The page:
Wireless systems pose two types of power challenges. First, when power is radiated from an antenna, very little of it typically reaches the receiver, a phenomenon known as path loss. This problem can be partly overcome with increased transmit power, special types of antennas, and other solutions. Second, wireless terminals often carry their own power supplies in the form of batteries. Battery life is limited and is influenced by many aspects of terminal design as well as the technology of the network infrastructure. Scarce power constrains the signal processing capabilities and transmit power of the mobile terminal, motivating efforts to keep these units as simple as possible. However, a low-power design cannot accommodate the most sophisticated techniques available to cope with the vagaries of the wireless channel and support the network protocols of mobility management. In the absence of research breakthroughs that simplify these techniques, the only solution is to increase the complexity of the network, which needs to compensate for the simplicity of portable communications devices.
The challenges related to mobility, connectivity, and energy have stimulated a high level of R&D activity in the telecommunications industry and academia. Still, a chasm remains between the capabilities of wired and wireless communications systems. Even as commercial wireless systems evolve, additional features will be needed to meet military requirements for untethered communications. Military applications introduce additional challenges because the systems need to be rapidly deployable on mobile platforms in any one of a diverse range of operating environments; they need to interoperate with other systems; and they need protection against enemy attempts to jam, intercept, and alter information.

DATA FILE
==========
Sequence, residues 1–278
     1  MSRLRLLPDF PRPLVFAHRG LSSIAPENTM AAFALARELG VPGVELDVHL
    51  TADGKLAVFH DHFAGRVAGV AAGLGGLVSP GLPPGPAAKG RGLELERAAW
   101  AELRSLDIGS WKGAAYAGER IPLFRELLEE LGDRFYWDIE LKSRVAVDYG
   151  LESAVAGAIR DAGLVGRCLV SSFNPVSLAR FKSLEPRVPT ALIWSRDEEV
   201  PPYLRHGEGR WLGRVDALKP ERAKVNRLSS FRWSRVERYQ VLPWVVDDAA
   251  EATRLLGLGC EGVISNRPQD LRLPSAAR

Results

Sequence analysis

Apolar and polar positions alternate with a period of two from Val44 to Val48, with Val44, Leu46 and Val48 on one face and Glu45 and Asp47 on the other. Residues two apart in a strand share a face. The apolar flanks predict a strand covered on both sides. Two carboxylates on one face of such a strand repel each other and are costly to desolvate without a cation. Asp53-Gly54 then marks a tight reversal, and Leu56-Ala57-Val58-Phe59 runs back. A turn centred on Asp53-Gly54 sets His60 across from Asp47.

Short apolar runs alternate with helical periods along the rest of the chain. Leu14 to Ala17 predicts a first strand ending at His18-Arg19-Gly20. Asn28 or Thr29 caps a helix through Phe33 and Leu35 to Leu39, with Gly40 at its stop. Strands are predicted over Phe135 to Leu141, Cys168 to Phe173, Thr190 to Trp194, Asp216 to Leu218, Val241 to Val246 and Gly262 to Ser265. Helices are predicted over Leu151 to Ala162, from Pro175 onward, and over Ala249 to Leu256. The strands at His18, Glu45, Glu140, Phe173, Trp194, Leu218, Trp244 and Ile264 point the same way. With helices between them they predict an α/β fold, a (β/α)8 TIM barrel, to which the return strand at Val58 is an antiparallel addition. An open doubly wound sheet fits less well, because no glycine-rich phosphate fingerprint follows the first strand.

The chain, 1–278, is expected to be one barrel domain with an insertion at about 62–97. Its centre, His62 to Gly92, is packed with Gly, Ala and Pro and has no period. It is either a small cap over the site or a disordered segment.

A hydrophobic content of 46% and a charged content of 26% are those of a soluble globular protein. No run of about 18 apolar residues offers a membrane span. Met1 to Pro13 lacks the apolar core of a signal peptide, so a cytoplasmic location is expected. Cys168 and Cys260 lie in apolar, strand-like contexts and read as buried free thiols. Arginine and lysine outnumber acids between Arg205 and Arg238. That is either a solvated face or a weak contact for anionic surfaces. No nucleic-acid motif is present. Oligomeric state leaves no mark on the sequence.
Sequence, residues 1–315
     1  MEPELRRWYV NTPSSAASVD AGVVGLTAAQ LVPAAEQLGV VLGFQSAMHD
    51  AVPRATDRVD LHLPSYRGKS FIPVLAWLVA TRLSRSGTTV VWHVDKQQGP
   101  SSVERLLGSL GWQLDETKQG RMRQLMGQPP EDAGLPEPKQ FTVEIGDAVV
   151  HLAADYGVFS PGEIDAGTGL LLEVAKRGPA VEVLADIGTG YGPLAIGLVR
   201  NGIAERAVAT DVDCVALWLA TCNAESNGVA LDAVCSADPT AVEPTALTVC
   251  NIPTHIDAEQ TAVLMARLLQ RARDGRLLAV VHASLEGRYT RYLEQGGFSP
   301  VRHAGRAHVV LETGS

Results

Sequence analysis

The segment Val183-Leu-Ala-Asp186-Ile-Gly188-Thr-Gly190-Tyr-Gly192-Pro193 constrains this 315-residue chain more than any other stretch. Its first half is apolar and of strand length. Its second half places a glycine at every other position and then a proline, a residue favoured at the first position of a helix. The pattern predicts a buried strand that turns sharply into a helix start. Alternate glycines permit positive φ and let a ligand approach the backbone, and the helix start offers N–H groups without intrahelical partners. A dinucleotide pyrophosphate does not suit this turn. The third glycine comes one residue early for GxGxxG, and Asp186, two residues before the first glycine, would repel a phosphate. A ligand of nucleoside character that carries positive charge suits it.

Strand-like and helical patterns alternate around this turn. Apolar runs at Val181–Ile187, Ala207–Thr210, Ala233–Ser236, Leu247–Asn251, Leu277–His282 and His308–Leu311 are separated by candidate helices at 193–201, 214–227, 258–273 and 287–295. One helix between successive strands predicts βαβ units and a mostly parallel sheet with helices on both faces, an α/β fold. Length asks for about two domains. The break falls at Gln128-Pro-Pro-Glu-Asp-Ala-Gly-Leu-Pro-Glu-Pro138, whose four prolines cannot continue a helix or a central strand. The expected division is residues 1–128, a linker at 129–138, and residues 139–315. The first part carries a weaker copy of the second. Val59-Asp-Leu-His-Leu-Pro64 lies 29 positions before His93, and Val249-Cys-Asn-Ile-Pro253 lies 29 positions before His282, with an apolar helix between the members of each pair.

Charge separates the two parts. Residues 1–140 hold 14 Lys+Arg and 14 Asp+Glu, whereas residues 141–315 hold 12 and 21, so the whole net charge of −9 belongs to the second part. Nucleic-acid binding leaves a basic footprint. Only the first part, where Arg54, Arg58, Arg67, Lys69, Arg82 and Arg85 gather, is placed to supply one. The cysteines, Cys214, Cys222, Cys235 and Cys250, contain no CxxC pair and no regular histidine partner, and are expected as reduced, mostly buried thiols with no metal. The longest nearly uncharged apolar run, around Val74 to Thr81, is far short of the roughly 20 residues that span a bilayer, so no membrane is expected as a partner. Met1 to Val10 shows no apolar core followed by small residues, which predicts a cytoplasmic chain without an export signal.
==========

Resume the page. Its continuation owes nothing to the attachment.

This chapter provides the technical basis for the analysis of military-commercial synergy in Chapter 3 by examining the challenges of mobility, connectivity, and energy and the technologies devised to overcome them. The discussion refers to the various layers of a network as defined in the Open Systems Interconnection (OSI) model (see Box 2-1). Section 2.1 is a tutorial on the wireless channel, its capacity limits, techniques for overcoming channel impairments, and the access and operational issues that arise when multiple users share the same channel. The next three sections address network, system, and hardware issues with an emphasis